Source: United States Air Force
Do not follow where the path may lead. Go instead where there is no path and leave a trail.Ralph Waldo Emerson
Amidst an ever-complex security landscape where our competitors are advancing at an alarming rate, our role goes beyond mere observation—we must lead. The Air Force is actively undertaking a transformative journey to address evolving security needs. Fueled by our unwavering commitment to Airmen to reach their full potential, it brings me great excitement to introduce my inaugural additions to the CSAF #23 Leadership Library. Centering on transformative leadership, teamwork, military innovation, and the advancement of technology, these sources are designed to inform and inspire.
In One Mission, Chris Fussell presents a dynamic guide that offers takeaways from real-world examples of successful organizational changes. By applying these battle-tested strategies, readers actively gain insights into revolutionizing large organizations, instilling adaptability, and the collaboration necessary to adapt to the service we must become to face the current and future security environment.
Yuen Khong’s, Analogies at War, provides an astute examination of how historical analogies influence political decision-making. Supported by insights from senior officials and declassified documents, Khong’s book not only unveils the cognitive processes shaping policy choices but also serves as a resource for challenging assumptions and avoiding cognitive traps in contemporary decision-making.
Unlock the secrets to excelling in a world of constant change with Brad Stulberg’s How to Excel When Everything Is Changing. Dive into the transformative “4 Ps” approach—Pause, Process, Plan, Proceed—shaping a mindset of thoughtful response over impulsive reaction. From embracing uncertainty to fostering mental resilience, Stulberg’s insights will guide those seeking adaptability and well-being.
Explore the urgent call for international cooperation on uncontrolled artificial intelligence (AI) in Kissinger and Allison’s thought-provoking article in Foreign Affairs—The Path to AI Arms Control: America and China Must Work Together to Avert Catastrophe. This read underscores the importance of swift action and collaboration to address the potential consequences of unregulated AI development.
This combination of diverse resources offers a multifaceted approach to service, leadership, and resilience. These themes emphasize the importance of informed decision-making, adaptability, and understanding of the environment in which we serve. My desire is that each and every one of you is always prepared to meet the challenges we will continue to face daily. These titles can be accessed and tracked through the E-Learning CSAF Library Journey, available via your web browsers and phone applications. These are extraordinary times, and I am committed to the success of the team.
Editor’s note: The CSAF Leadership Library is a fluid set of media selected by Gen. Allvin that evolves as novel ideas are published, recorded and debated. New entries will be added periodically throughout the year.
In Team of Teams, retired four-star General Stanley McChrystal and former Navy SEAL Chris Fussell made the case for a new organizational model combining the agility, adaptability, and cohesion of a small team with the power and resources of a giant organization. Now, in One Mission, Fussell channels all his experiences, both military and corporate, into powerful strategies for unifying isolated and distrustful teams. This practical guide will help leaders in any field implement the Team of Teams approach to tear down their silos, improve collaboration, and avoid turf wars. By committing to one higher mission, organizations develop an overall capability that far exceeds the sum of their parts.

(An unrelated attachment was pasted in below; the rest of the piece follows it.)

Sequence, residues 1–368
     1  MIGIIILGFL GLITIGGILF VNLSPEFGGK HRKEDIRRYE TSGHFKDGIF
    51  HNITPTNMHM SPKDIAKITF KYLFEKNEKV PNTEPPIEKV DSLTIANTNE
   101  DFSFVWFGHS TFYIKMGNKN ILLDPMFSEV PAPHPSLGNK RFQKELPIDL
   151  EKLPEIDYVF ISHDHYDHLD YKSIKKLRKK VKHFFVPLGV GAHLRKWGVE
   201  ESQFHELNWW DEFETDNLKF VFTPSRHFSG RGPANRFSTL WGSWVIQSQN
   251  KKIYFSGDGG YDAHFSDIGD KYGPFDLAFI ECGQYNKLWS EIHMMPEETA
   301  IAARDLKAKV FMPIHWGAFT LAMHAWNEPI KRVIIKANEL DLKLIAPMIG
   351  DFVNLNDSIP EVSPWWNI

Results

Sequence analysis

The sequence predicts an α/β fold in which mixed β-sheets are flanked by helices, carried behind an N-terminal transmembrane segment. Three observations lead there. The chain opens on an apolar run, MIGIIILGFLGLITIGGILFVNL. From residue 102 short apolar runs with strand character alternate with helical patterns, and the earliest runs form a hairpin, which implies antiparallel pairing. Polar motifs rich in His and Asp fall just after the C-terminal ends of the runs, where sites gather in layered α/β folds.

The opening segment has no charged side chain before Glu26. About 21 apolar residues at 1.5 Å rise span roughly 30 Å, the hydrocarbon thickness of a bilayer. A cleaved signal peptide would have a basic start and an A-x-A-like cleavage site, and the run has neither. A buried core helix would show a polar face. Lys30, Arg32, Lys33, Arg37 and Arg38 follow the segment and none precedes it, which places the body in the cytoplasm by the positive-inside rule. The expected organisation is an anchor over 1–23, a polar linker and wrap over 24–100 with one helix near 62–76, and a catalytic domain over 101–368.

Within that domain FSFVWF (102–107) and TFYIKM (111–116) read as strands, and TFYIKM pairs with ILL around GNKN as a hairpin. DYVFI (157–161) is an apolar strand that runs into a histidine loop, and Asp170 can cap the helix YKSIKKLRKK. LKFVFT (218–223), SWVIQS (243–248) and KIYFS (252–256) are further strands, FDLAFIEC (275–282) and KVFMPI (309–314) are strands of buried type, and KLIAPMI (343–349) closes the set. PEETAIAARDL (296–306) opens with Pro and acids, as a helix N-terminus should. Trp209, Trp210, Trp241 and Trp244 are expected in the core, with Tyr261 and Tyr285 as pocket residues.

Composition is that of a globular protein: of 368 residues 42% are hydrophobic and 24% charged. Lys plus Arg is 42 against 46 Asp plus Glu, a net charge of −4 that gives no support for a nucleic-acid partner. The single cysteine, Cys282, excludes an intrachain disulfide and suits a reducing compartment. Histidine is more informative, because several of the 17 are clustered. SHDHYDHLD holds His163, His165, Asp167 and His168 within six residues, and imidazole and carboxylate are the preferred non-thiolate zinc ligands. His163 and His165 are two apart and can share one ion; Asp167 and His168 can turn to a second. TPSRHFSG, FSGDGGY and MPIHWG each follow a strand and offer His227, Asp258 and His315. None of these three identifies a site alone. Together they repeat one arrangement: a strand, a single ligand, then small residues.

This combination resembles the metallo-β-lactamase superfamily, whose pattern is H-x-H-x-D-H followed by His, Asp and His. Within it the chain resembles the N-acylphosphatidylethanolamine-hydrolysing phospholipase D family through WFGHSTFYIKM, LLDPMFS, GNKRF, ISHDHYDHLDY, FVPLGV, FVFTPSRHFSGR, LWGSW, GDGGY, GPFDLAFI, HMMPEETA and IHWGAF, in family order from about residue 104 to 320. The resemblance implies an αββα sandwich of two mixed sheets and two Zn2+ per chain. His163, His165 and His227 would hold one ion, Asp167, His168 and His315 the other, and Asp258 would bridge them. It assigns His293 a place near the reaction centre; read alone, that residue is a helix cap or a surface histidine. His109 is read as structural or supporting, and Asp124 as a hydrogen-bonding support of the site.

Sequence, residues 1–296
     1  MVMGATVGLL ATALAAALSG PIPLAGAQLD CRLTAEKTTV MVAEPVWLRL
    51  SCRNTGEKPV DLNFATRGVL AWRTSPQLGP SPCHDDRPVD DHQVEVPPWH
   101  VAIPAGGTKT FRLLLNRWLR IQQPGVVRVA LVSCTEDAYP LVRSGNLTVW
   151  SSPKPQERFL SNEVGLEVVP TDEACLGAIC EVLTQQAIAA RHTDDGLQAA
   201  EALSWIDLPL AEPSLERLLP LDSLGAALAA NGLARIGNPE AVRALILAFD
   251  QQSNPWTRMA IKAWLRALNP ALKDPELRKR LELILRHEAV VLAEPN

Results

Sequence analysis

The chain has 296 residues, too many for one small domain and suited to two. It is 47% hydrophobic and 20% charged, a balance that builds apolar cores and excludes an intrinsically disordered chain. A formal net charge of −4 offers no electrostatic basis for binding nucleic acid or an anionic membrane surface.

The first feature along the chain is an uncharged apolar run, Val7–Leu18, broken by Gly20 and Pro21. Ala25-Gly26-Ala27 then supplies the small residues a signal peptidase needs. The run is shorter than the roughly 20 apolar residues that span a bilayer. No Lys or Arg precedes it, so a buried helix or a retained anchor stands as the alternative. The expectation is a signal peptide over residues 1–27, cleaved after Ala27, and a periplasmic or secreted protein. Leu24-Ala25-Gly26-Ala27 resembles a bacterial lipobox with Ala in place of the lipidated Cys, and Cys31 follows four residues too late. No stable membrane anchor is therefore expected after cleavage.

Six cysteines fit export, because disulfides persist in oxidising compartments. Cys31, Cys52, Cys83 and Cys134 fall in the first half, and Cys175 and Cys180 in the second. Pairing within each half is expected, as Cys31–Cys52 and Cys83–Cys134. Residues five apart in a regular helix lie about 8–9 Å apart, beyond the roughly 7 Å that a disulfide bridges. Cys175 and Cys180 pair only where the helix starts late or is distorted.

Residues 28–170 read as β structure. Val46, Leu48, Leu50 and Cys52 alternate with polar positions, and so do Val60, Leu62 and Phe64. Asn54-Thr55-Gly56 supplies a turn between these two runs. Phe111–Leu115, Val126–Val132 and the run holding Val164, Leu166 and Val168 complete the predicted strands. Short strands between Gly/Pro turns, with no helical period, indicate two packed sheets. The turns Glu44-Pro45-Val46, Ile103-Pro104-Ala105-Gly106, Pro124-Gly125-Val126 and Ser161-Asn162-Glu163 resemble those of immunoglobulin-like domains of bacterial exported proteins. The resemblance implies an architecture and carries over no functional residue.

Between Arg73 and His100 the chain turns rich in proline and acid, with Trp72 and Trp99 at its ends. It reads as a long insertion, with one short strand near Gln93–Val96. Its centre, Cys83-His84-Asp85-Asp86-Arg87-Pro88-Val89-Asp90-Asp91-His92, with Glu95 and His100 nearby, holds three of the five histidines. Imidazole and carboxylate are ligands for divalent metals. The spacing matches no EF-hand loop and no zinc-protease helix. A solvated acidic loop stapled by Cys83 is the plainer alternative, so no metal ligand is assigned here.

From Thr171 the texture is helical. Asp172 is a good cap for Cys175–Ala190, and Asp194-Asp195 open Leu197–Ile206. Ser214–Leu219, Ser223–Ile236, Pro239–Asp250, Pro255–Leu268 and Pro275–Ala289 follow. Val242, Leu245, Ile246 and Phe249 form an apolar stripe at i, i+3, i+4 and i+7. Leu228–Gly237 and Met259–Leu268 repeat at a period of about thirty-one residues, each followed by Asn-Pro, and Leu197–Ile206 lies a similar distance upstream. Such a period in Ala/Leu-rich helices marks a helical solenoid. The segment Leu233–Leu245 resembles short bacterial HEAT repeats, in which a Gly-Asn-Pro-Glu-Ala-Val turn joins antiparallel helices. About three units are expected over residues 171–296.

From World War I to Operation Desert Storm, American policymakers have repeatedly invoked the “lessons of history” as they contemplated taking their nation to war. Do these historical analogies actually shape policy, or are they primarily tools of political justification? Yuen Foong Khong argues that leaders use analogies to justify policies and perform specific cognitive and information-processing tasks essential to political decision-making. Khong identifies what these tasks are and shows how they can be used to explain the U.S. decision to intervene in Vietnam. Relying on interviews with senior officials and on recently declassified documents, the author demonstrates with a precision not attained by previous studies that the three most important analogies of the Vietnam era – Korea, Munich, and Dien Bien Phu – can account for America’s Vietnam choices. A special contribution is the author’s use of cognitive and social psychology to support his argument about how humans analogize and to explain why policymakers often use analogies poorly.
Brad Stulberg researches, writes, and coaches on mental health, well-being, and sustainable excellence. He is the bestselling author of The Practice of Groundedness and Master of Change. He regularly contributes to the New York Times, and his work has been featured in the Wall Street Journal and the Atlantic, among other outlets. He is on the faculty at the University of Michigan’s School of Public Health.
This year marks the 78th anniversary of the end of the deadliest war in history and the beginning of the longest period in modern times without great-power war. Because World War I had been followed just two decades later by World War II, the specter of World War III, fought with weapons that had become so destructive they could theoretically threaten all of humankind, hung over the decades of the Cold War that followed. When the United States’ atomic destruction of Hiroshima and Nagasaki compelled Japan’s immediate unconditional surrender, no one thought it conceivable that the world would see.